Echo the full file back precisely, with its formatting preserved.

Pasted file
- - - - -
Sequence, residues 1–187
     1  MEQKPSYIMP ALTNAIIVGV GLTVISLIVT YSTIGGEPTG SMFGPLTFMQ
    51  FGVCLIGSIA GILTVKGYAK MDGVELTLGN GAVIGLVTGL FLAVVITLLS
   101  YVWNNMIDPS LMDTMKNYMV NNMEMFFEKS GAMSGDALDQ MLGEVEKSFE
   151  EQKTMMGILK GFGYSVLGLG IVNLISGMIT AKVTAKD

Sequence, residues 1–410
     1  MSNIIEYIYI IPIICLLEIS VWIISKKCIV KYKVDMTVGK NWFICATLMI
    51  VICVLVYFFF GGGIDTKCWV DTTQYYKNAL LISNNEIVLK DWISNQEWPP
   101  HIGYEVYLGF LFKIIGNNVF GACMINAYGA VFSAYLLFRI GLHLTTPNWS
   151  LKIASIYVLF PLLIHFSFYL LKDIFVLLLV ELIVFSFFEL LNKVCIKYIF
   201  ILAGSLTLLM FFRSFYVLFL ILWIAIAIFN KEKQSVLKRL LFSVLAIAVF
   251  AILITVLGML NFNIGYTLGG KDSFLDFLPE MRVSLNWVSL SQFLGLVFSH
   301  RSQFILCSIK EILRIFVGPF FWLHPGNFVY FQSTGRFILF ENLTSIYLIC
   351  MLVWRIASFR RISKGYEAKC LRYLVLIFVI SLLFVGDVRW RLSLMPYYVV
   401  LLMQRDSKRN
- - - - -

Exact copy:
Sequence, residues 1–187
     1  MEQKPSYIMP ALTNAIIVGV GLTVISLIVT YSTIGGEPTG SMFGPLTFMQ
    51  FGVCLIGSIA GILTVKGYAK MDGVELTLGN GAVIGLVTGL FLAVVITLLS
   101  YVWNNMIDPS LMDTMKNYMV NNMEMFFEKS GAMSGDALDQ MLGEVEKSFE
   151  EQKTMMGILK GFGYSVLGLG IVNLISGMIT AKVTAKD

Sequence, residues 1–410
     1  MSNIIEYIYI IPIICLLEIS VWIISKKCIV KYKVDMTVGK NWFICATLMI
    51  VICVLVYFFF GGGIDTKCWV DTTQYYKNAL LISNNEIVLK DWISNQEWPP
   101  HIGYEVYLGF LFKIIGNNVF GACMINAYGA VFSAYLLFRI GLHLTTPNWS
   151  LKIASIYVLF PLLIHFSFYL LKDIFVLLLV ELIVFSFFEL LNKVCIKYIF
   201  ILAGSLTLLM FFRSFYVLFL ILWIAIAIFN KEKQSVLKRL LFSVLAIAVF
   251  AILITVLGML NFNIGYTLGG KDSFLDFLPE MRVSLNWVSL SQFLGLVFSH
   301  RSQFILCSIK EILRIFVGPF FWLHPGNFVY FQSTGRFILF ENLTSIYLIC
   351  MLVWRIASFR RISKGYEAKC LRYLVLIFVI SLLFVGDVRW RLSLMPYYVV
   401  LLMQRDSKRN